Twitter to Aid Earthquake Response
Mayon Volcano, once dubbed as world’s most perfect cone volcano is once again spewing ashes and is having minor eruptions recently. The Philippine Institute of Volcanology and Seismology (Phivolcs) has already declared alert level 3 over Albay province and has ordered the evacuation of residents in the nearby area.
Aside from the usual equipment Phivolcs has in determining and monitoring volcanic activities, social networking sites like Twitter can also be used.
The U.S. Geological Survey is using funds from the American Recovery and Reinvestment Act to support a student who’s investigating social Internet technologies as a way to quickly gather information about recent earthquakes.
In this exploratory effort, the USGS is developing a system that gathers real-time, earthquake-related messages from the social networking site Twitter and applies place, time, and key word filtering to gather geo-located accounts of shaking. This approach provides rapid first-impression narratives and, potentially, photos from people at the hazard’s location. The potential for earthquake detection in populated but sparsely seismicly-instrumented regions is also being investigated.
Social Internet technologies are providing the general public with anecdotal earthquake hazard information before scientific information has been published from authoritative sources. People local to an event are able to publish information via these technologies within seconds of their occurrence.
In contrast, depending on the location of the earthquake, scientific alerts can take between 2 to 20 minutes. By adopting and embracing these new technologies, the USGS potentially can augment its earthquake response products and the delivery of hazard information.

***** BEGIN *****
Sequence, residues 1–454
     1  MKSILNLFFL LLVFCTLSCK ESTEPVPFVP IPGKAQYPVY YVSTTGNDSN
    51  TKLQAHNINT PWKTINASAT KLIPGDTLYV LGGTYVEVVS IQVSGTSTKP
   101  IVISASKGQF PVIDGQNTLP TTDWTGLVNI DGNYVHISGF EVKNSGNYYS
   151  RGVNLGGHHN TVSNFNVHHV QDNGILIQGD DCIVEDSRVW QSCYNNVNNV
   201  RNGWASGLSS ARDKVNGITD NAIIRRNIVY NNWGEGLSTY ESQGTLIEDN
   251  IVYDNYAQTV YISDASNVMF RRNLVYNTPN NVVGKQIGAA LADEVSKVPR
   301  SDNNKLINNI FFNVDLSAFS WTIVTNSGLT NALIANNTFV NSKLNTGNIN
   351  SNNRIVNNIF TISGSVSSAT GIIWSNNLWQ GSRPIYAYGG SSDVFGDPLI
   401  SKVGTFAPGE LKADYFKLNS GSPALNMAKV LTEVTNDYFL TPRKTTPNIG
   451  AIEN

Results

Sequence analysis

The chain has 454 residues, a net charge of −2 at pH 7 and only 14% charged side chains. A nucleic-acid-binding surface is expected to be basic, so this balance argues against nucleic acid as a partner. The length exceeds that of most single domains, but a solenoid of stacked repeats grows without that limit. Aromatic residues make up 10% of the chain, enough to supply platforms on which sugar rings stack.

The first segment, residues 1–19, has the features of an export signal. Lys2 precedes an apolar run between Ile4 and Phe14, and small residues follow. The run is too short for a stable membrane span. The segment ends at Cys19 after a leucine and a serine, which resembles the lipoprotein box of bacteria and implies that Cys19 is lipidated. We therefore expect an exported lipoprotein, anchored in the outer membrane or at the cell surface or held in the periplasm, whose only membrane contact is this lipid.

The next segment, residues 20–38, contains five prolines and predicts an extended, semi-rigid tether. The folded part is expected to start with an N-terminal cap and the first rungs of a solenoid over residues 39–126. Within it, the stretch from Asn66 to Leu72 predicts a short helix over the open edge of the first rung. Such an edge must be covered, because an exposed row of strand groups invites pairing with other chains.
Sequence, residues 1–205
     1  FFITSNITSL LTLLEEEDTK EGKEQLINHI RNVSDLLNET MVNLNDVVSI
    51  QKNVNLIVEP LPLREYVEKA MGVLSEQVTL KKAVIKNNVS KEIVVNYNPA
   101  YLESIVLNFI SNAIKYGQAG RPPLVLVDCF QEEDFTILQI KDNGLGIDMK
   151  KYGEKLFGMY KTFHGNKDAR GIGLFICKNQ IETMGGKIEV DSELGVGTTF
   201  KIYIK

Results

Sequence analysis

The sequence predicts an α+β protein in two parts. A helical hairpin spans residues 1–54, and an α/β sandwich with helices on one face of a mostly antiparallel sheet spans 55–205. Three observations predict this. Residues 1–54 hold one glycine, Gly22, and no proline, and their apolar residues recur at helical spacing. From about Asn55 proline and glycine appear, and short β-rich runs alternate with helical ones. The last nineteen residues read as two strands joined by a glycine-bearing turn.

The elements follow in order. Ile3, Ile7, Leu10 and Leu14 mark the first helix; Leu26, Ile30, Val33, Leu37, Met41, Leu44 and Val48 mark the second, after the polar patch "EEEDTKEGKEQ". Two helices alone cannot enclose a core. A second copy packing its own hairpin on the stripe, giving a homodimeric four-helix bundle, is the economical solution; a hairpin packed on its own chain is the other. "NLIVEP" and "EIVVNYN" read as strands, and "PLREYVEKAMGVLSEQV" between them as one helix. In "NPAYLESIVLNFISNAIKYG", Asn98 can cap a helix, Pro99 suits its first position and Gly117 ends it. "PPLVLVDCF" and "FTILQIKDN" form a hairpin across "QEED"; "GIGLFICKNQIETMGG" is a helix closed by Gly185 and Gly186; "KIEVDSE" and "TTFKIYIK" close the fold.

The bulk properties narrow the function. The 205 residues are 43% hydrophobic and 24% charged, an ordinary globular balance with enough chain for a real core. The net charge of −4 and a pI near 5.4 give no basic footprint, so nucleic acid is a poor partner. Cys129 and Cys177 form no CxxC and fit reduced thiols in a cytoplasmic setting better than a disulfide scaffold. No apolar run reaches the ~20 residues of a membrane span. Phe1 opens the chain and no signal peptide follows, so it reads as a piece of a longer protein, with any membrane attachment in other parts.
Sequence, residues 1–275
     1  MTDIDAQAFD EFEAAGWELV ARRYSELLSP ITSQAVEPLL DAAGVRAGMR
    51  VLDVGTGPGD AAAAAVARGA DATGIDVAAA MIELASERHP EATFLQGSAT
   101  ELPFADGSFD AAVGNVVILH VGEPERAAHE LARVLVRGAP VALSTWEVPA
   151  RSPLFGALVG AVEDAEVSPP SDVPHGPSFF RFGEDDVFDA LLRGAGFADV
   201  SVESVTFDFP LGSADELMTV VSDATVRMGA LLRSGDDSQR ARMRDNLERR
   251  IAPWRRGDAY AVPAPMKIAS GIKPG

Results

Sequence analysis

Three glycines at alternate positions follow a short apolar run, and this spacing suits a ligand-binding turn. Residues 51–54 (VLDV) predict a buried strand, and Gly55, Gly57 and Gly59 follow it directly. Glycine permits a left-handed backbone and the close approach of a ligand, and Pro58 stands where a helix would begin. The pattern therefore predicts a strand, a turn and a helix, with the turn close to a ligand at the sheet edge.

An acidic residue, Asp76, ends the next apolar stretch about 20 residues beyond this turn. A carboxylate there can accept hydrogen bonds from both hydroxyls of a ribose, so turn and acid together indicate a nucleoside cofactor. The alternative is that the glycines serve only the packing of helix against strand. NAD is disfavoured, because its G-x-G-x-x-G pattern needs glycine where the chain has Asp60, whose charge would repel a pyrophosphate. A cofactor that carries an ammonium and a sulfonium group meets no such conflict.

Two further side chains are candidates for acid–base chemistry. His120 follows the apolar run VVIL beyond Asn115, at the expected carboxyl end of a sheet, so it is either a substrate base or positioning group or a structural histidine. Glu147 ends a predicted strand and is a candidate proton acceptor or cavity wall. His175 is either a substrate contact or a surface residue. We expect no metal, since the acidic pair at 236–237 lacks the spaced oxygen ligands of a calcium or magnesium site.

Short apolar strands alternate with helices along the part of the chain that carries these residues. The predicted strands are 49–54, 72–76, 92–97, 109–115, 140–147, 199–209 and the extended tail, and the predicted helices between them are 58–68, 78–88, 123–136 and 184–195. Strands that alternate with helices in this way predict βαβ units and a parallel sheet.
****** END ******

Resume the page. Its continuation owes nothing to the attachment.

In another related development, an earthquake early warning system for California is feasible in coming years, according to research being presented Dec. 14-15 at the American Geophysical Union meeting in San Francisco. The ongoing study demonstrates that an earthquake early warning system for California is possible and lays out how such a system could be built.
Earthquake early warning systems, already successfully deployed in Mexico, Japan and Taiwan, can detect an earthquake in progress and provide notice of seconds to tens of seconds prior to actual ground shaking. Building on developments in other countries with significant earthquake risk, scientists are exploring early warning in the United States.
After a three-year earthquake early warning study funded by the U.S. Geological Survey was completed in August 2009, a second USGS-funded project was launched to integrate the previously tested methods into a single prototype warning system.
When completed, this pilot system, called the California Integrated Seismic Network (CISN) ShakeAlert System, will provide warning to a small group of test users, including emergency response groups, utilities, and transportation agencies. While in the testing phase, the system will not provide public alerts.
This is something we can use here in the Philippines, but first things first – we need to be totally wired before such can happen.